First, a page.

Data analysis

Interviews were audio-recorded and transcribed verbatim. One of the authors checked the accuracy of the transcripts. Data were analysed using a thematic approach with the assistance of NVivo V.10. Interview transcripts were double coded by two researchers to check for consistency and accuracy. Discrepancies were then discussed until consensus was reached. Afterwards, we organised and categorised codes into different themes/subthemes, and further relevant questions were explored in subsequent interviews. We continued data collection until thematic saturation was reached. To ensure data validity, some key findings were triangulated by a follow-up survey. Quotes were translated from Chinese to English for write-up.

Quantitative approach

Sampling and data collection

A cross-sectional survey was conducted from July to September 2015. Multistage stratified random sampling was adopted. First, we stratified the eight districts to low, middle and high-income regions. One district from each stratum was then randomly selected. Second, two street districts were randomly selected from each district. Then, four communities/villages were randomly selected from each sampled street district, making it a total of 24 survey sites. Lastly, individuals were randomly selected and approached with the assistance of the community workers, and we recruited 45–50 respondents from each site. Anonymity was stressed, and confidentiality was strictly protected.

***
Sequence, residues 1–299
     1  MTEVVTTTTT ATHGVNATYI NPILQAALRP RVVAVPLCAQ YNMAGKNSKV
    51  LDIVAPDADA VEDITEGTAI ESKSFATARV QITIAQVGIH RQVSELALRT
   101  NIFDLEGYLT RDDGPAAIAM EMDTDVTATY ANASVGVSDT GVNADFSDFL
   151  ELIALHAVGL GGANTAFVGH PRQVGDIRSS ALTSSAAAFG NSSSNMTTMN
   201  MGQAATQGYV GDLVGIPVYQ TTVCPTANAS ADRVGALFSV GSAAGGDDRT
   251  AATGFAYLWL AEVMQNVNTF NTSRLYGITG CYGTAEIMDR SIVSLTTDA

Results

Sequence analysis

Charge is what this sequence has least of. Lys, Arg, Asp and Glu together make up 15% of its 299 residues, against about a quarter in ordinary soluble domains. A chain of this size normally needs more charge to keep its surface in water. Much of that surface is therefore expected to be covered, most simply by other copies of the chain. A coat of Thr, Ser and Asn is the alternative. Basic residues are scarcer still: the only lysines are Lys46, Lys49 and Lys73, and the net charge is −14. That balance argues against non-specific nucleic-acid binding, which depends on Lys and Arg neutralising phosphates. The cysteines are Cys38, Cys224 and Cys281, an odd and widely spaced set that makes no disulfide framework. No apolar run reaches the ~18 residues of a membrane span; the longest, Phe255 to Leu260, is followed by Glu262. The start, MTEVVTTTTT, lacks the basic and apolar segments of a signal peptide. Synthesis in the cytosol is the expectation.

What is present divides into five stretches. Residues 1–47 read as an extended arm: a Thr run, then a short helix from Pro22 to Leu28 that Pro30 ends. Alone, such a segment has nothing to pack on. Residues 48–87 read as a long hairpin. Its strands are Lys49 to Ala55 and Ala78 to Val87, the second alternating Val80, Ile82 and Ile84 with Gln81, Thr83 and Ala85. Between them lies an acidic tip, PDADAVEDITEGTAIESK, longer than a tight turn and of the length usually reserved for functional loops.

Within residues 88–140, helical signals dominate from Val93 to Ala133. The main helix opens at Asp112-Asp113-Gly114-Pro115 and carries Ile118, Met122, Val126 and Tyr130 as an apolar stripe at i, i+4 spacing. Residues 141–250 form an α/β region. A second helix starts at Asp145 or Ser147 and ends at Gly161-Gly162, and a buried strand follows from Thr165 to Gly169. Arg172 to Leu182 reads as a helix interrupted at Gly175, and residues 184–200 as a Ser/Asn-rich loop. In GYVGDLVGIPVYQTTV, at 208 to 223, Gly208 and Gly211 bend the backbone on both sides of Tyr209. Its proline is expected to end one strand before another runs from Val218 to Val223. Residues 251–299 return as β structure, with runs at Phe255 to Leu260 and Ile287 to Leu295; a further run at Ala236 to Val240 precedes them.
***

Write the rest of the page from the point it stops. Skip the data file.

The complete questionnaire has 64 items. We asked the participants about their social demographic characteristics, insurance scheme (New Cooperative Medical Insurance (NCMI), Urban Resident Medical Insurance (URMI), Urban Employee Medical Insurance (UEMI) and commercial insurance), factors they consider for finding sources of care, preferred source of care, use of outpatient services in the last year, expectations on medical professionals in the clinical setting and views of CHS and PCPs. NCMI covered rural population, URMI covered people who were under 18 years old, the unemployed or poor, the disabled and the elderly population, while UEMI covered employees in urban areas. In this article, we reported the public’s utilisation of CHS and hospital-based clinics in the last year and the correlates. Experiences and views of community-based services were asked using 4-point Likert scales (1=completely disagree; 2=somewhat disagree; 3=somewhat agree; 4=completely agree). The questionnaire was piloted with 30 respondents to test its face and content validity. The questionnaire aimed at investigating the attitudes and behaviours of the respondents but did not serve as a composite measure of a certain domain. Hence, it has not been validated against outcomes formally other than the face and content validity. Completing the questionnaire took 10–15 min. Amendments were made based on feedback.